I wish DC had put a drain valve on the filter, because you have to unscrew the sensor and let the water/fuel run down your arm until you get all of the water out.

    Well…it is supposed to be a drain. It’s made like a tiny funnel with a place where you can attach a clear plastic hose and open it partially and drain the water off. The threaded part has a flat side to let the fuel flow through to the funnel part when partially open. The problem is it doesn’t work very well…at least I could’t get it to work for s#’!.

    I have around 55k miles on my engine and it seems to have more power than ever. I am not sure if I am not enamored with the transmission or enamored with this engine that seems to be capable of shredding a fairly strong transmission on demand.
  • mdamickmdamick Posts: 277
    Your points are noted.
    I was comparing it to my Dodge P/U.
    The drain is actually a valve that you push up and a hose to direct the water/fuel into an oil pan. Much nicer than unscrewing the water in fuel sensor.
    I did not feel like taking the thing apart more than I had to to change the filter, the new vehicles have so much crammed into the engine bay they are difficult to work on.
    As to pre-filling the filter, I keep some #1 for heaters and pour it into the filter center. I have never had a problem getting dirt into the filter [non-permissible content removed]'y.
    At 107000 mi mine is running good and getting 23-25 mpg.
  • kntrygurlkntrygurl Posts: 12
    I have an 05 Jeep Liberty Deisel and it is building backpressure and blowing the intake hose off the throttle body. The wastegate is not opening but when you unhook it the vaccuum line from it the enigine will run without blowing the hose, but with considerable loss of power.
  • winter2winter2 Posts: 1,798
    There is a solution to this problem.

    1. You need to find the boost sensor on the intake manifold. It sits near the back of the intake manifold and is on top. Your will need a four millimeter Allen key wrench to remove the single screw that holds it in place.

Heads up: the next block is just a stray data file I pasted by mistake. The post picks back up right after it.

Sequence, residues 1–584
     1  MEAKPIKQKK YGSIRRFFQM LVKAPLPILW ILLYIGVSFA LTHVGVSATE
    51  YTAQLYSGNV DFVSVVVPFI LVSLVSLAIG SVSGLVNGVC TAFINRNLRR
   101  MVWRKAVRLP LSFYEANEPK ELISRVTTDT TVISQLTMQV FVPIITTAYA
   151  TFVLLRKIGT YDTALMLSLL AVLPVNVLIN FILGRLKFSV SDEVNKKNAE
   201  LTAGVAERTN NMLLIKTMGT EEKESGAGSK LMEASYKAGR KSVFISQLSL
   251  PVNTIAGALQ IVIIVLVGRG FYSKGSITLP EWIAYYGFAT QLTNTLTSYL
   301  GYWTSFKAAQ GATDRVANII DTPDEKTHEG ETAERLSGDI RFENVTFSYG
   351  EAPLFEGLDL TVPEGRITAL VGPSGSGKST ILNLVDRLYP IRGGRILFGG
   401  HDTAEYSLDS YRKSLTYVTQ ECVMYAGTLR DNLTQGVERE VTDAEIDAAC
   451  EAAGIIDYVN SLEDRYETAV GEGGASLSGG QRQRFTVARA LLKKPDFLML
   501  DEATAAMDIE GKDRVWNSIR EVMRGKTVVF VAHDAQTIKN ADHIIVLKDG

2. Disconnect the wiring that goes to it. Once out flip it over. The poor thing will probably be buried in black sticky soot. Clean that off with some brake cleaner and a very soft brush. I find Amsoil Power Foam also works very well too. Once you have the sensor nice and clean, replace it and re-connect the wiring.

    3. For the hose, the end that keeps blowing off is probably oil soaked and is very mushy. If that is the case, you will probably have to replace it. My dealer gave me the hose and I replaced it myself, returning the bad one, no questions asked.

    When you replace that hose, it should be in place without either end attached to anything. Make sure the throttle body is clean and dry. Apply a thin coat of either Indian Head Shellac or Permatex Aviation Form-a-Gasket to the outside of the throttle body where the hose goes and another thin coat to the inside of your new hose. Apply the coat of either as far into the hose as you possibly can without dropping the applicator into the hose. Allow the gasket cement to dry for about three to five minutes and then slide the hose onto the throttle body. Apply the hose clamp and tighten it down. Apparently the gasket cement protects the hose from the oil and hot throttle body. I strongly suggest you wear disposable gloves when using either of the aforementioned cements as methanol is the only solvent for either of them.
  • caribou1caribou1 Posts: 1,350
    Hi guys,
    Before changing anything I would try to feel how stiff both hoses become when the turbo is building pressure. If there is some kind of obstruction in the intercooler the boost pressure sensor could see a partial pressure. Secondly, there was a discussion here about a different type of hose that never became soggy. Certain makes of oil cause swelling of the intake hose on my engine :(
  • winter2winter2 Posts: 1,798
    Caribou,

    Your posting makes some sense, but according to the tech at the dealer I use, a boost sensor buried in sticky soot is the primary cause of blown hoses. He has yet to see a blocked or clogged intercooler.

    As to the oils, I have found that the original 0W-40 from Mobil gave me the most headaches with seepage, swollen hoses and consumption. The two oils I find that work best in my CRD are Mobil 1 5W-40 Truck/SUV Diesel and Amsoil 15W-40 Heavy Duty Synthetic for truck/Diesel. They both spec out similarly except that the Amsoil has a significantly lower rate of oil vaporization at high temperatures. Presently, the Mobil product is nearly $7.00/quart while the Amsoil product is about $1.00/quart less even when you include shipping costs and other fees.